Report: Apple Falsified Jobs’ Stock Options Authorization

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Date: Thursday, December 28th, 2006, 13:09
Category: News

Apple Computer’s stock fell $1.64 per share, or two percent, following a report that indicated that Apple CEO Steve Jobs, who returned to the company in 1997, was awarded 7.5 million stock options in 2001 without proper authorization from the company’s board of directors. The revelation was made public via a recently released Financial Times article.
The article reports that records logging a full board meeting, which is required to approve stock options remunerations, were later falsifed. These records are now under review by the Securities and Exchange Commission as it decides which investigative avenues to pursue (individual or company-wide) and Apple is expected to discuss the situation along with details about an additional investigation as to stock option irregularities and backdating within the company at the annual meeting on Friday.
Additional questions and pressures have arisen given the fact that Jobs has sought legal counsel outside the company, despite having been above the fray of the investigation since it began this fall. To date, Jobs had claimed he had been “aware” of the backdating “in a few instances”, but claimed he had never benefited from these actions or been aware of the accounting implications.
In October of 2001, Jobs’ stock options were offered at an exercise price of $18.30 per share while the alleged board authorization occurred near the end of 2001. Such an action would indicate that the options weren’t properly authorized and had been backdated to maximize the value of Jobs’ stock options.
Jobs would later surrender the stock options before exercising them, thereby not showing any actual gain on the transaction. The Apple CEO would later be given a grant of restricted stock by the company in lieu of the options, this value perhaps having been calculated on the backdated stock options and targeted by the investigation.
Apple has reportedly refused to comment on the issue, but a spokesman has claimed the company has handed the findings of its own internal investiation to the SEC. The company has stated that its investigation found “no misconduct by any member of Apple’s current management team”, although two executives – Nancy Heinan, former senior vice president and Fred Anderson, former chief financial officer for the company, both resigned as of this year.
Anderson may be under investigation for a different set of actions, as he was not a part of the board of directors as of the October, 2001 decision that’s pertinent to Jobs’ reported role in the case.
If you have any ideas or comments, let us know.


Apple Computer’s stock fell $1.64 per share, or two percent, following a report that indicated that Apple CEO Steve Jobs, who returned to the company in 1997, was awarded 7.5 million stock options in 2001 without proper authorization from the company’s board of directors. The revelation was made public via a recently released Financial Times article.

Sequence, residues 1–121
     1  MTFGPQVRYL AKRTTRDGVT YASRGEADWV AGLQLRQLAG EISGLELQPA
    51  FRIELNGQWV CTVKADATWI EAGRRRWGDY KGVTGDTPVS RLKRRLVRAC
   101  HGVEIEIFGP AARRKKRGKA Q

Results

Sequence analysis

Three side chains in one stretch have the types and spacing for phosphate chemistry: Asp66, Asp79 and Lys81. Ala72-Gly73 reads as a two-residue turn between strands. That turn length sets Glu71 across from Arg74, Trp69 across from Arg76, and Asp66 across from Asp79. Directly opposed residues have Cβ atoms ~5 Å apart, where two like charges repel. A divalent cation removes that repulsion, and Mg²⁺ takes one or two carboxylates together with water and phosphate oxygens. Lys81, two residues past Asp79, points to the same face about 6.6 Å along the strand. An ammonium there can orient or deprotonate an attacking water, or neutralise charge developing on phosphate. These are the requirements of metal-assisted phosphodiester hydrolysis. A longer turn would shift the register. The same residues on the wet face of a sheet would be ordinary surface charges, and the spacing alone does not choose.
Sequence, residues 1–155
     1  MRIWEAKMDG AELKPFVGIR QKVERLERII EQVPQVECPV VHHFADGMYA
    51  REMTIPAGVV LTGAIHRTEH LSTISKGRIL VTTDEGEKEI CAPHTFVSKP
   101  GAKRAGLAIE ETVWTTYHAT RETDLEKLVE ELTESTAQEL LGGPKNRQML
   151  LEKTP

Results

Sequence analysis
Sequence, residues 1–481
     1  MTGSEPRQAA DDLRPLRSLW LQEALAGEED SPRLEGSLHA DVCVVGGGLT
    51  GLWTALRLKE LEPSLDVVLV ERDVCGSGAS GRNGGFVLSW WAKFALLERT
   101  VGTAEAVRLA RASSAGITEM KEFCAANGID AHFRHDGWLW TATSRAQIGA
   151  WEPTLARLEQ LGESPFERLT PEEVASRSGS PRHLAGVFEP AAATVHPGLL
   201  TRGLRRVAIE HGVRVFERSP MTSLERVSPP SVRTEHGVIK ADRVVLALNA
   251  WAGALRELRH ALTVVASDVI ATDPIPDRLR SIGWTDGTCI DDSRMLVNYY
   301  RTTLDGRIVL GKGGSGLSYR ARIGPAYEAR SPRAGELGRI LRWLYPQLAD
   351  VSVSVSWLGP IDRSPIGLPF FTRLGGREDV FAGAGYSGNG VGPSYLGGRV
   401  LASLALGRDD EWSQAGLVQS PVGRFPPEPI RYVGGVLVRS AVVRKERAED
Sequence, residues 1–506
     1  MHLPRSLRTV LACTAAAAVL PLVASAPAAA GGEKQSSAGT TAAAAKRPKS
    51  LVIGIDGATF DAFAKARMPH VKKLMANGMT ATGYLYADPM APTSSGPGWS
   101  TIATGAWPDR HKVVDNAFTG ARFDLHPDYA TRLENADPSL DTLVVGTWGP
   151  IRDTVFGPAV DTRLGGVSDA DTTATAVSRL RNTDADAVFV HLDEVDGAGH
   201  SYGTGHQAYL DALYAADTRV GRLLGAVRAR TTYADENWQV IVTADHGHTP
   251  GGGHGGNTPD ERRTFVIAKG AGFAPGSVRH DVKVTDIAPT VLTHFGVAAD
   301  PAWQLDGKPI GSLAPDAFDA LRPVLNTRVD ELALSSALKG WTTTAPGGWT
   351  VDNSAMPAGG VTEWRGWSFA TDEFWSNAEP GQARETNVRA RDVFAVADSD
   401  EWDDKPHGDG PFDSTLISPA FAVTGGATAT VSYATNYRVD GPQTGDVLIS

The article reports that records logging a full board meeting, which is required to approve stock options remunerations, were later falsifed. These records are now under review by the Securities and Exchange Commission as it decides which investigative avenues to pursue (individual or company-wide) and Apple is expected to discuss the situation along with details about an additional investigation as to stock option irregularities and backdating within the company at the annual meeting on Friday.
Additional questions and pressures have arisen given the fact that Jobs has sought legal counsel outside the company, despite having been above the fray of the investigation since it began this fall. To date, Jobs had claimed he had been “aware” of the backdating “in a few instances”, but claimed he had never benefited from these actions or been aware of the accounting implications.
In October of 2001, Jobs’ stock options were offered at an exercise price of $18.30 per share while the alleged board authorization occurred near the end of 2001. Such an action would indicate that the options weren’t properly authorized and had been backdated to maximize the value of Jobs’ stock options.
Jobs would later surrender the stock options before exercising them, thereby not showing any actual gain on the transaction. The Apple CEO would later be given a grant of restricted stock by the company in lieu of the options, this value perhaps having been calculated on the backdated stock options and targeted by the investigation.
Apple has reportedly refused to comment on the issue, but a spokesman has claimed the company has handed the findings of its own internal investiation to the SEC. The company has stated that its investigation found “no misconduct by any member of Apple’s current management team”, although two executives – Nancy Heinan, former senior vice president and Fred Anderson, former chief financial officer for the company, both resigned as of this year.
Anderson may be under investigation for a different set of actions, as he was not a part of the board of directors as of the October, 2001 decision that’s pertinent to Jobs’ reported role in the case.
If you have any ideas or comments, let us know.

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